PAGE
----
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Celebration at The Wharf as digging wraps up

The District's largest active economic development project has finished up excavation work, a milestone celebrated with a "bottoming-out" ceremony on Thursday.

WASHINGTON — The District’s largest active economic development project has finished up excavation work, a milestone celebrated with a “bottoming-out” ceremony on Thursday.

The Wharf project is expected to transform the Southwest Waterfront neighborhood and will develop a full mile of shoreline. But before building can begin, construction crews first had to dig a massive hole in the ground and keep out the nearby river.

Del. Eleanor Holmes Norton, D.C. Mayor Muriel Bowser and Councilman Charles Allen attended the celebratory event, marked with a dump truck taking the final load of dirt out of the hole.

“We have built a bulkhead along the water’s edge. That is 2,000 feet of bulkhead. It’s actually holding out 200 million gallons of water. That’s over 800,000 tons of weight that it’s holding back,” says Monty Hoffman, CEO of developer PN Hoffman.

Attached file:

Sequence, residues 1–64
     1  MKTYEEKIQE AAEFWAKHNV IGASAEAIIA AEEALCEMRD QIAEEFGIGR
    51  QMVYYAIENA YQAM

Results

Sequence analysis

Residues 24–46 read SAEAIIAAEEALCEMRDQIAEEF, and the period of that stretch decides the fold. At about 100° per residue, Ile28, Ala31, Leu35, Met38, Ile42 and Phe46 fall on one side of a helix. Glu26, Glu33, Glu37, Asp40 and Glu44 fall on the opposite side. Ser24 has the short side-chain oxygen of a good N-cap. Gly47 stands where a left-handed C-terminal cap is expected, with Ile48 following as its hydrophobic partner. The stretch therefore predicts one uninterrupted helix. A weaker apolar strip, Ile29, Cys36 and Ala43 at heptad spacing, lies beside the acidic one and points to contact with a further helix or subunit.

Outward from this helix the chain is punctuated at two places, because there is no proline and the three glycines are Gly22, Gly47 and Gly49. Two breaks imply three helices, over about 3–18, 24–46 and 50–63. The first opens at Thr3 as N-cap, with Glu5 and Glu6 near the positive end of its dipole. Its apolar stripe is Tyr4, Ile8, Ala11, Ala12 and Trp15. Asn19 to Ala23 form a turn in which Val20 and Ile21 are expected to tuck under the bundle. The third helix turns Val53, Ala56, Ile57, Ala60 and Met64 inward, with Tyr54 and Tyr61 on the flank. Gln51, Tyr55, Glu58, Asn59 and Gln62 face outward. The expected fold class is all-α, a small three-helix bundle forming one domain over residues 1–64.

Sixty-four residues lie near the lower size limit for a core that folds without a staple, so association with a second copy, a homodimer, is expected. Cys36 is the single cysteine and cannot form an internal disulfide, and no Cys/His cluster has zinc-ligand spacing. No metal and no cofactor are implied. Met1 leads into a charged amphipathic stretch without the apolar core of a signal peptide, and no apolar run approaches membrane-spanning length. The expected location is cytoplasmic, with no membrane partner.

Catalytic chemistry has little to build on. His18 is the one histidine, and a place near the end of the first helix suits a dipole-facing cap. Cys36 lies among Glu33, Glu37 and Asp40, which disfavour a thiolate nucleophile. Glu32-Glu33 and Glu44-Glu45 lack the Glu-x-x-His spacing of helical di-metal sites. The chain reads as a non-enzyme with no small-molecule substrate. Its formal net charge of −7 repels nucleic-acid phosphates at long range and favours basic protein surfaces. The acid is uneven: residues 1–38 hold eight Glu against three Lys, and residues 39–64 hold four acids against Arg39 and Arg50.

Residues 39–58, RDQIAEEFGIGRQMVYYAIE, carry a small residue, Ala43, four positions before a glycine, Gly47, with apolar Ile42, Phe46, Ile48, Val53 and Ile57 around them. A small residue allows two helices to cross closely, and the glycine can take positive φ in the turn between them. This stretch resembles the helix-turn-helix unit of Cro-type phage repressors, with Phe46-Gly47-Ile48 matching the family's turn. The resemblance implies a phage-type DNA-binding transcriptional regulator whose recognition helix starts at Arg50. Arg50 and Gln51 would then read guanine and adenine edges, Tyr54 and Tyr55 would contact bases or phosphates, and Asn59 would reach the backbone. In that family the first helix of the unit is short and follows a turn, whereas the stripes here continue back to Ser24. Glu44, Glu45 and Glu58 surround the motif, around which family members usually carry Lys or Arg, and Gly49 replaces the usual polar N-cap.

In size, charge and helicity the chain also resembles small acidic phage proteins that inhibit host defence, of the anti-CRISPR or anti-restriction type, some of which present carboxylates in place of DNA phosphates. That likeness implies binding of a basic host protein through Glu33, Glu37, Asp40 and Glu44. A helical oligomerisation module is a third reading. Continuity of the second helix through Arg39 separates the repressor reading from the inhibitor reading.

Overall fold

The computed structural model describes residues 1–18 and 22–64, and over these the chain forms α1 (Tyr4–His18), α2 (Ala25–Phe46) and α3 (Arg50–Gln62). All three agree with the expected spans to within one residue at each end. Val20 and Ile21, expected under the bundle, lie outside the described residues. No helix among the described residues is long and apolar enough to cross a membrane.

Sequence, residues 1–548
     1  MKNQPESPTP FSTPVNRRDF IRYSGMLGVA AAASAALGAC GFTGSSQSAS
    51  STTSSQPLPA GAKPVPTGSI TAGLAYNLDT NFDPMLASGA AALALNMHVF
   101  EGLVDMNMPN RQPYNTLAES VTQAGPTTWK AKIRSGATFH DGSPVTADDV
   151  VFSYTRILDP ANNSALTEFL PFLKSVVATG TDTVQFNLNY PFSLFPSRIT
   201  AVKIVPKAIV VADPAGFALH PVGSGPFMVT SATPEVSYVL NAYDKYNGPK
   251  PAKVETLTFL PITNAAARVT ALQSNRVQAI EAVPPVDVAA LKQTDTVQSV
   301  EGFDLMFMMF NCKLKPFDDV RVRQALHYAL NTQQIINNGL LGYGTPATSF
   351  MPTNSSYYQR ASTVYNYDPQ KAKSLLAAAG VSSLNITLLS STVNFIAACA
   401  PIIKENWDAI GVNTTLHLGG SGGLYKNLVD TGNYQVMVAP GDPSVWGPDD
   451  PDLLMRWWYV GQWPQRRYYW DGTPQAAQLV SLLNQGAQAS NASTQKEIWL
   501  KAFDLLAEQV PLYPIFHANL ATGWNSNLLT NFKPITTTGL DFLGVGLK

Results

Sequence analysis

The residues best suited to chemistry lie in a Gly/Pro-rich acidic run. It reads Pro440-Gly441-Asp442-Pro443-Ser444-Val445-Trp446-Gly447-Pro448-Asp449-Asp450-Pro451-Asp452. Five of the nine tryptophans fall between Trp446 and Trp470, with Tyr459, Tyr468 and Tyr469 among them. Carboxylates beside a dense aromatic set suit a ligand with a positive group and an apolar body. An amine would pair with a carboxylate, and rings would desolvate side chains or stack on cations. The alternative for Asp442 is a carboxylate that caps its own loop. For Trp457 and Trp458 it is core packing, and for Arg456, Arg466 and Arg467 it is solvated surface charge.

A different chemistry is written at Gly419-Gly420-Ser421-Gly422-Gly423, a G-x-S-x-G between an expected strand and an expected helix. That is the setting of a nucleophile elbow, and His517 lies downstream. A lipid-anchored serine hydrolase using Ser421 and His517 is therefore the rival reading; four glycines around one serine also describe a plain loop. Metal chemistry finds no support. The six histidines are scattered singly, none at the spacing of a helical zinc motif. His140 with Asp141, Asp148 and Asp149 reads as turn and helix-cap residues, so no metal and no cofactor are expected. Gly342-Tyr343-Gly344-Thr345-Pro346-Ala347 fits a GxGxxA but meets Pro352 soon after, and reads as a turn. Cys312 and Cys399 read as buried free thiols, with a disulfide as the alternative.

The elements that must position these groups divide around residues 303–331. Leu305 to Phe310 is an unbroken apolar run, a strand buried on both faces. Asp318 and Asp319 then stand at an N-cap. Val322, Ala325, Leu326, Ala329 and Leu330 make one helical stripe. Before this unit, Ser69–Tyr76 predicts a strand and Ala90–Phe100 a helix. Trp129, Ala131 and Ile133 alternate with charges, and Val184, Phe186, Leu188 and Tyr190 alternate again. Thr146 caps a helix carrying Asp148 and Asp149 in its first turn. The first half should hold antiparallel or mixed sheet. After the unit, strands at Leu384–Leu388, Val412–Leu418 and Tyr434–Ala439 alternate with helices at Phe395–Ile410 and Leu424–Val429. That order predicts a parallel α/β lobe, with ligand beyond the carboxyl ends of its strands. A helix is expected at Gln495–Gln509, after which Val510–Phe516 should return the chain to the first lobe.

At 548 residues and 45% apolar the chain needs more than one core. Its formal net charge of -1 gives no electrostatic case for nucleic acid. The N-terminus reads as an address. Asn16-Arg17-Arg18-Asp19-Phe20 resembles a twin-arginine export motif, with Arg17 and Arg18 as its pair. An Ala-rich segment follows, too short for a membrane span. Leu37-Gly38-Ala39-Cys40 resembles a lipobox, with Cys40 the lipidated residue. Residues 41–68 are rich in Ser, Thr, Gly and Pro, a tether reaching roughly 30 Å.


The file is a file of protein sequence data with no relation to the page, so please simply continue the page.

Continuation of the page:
“To get to the bottom of this hole, we have taken out 30,000 truckloads of dirt. That is an amazing, amazing feat,” he adds.

All three politicians agreed that they had never been invited to a bottoming-out event, but Allen told the crowd “there’s nowhere to go but up.”

The first phase of The Wharf will be a 1.5 million-square-foot project and is expected to be completed in late 2017. Once finished, the entire 3.2 million-square-feet of space will boast restaurants, parks, a theater, office space, condominiums and apartments. It will also have a 278-room InterContinental Hotel.

“What I love about this project is that it really sets D.C. apart from major cities across the United States of America. It says to the world that we set the bar high. It says that we work with our local business community to put people to work. It says we’re committed to affordable housing and that we are going to have the best waterfront anywhere,” says Bowser.

The project will bring in $50 million in new tax revenue annually, Bowser says. She hopes the project will impact the entire city to add jobs, increase wages and close the gaps between neighborhoods.

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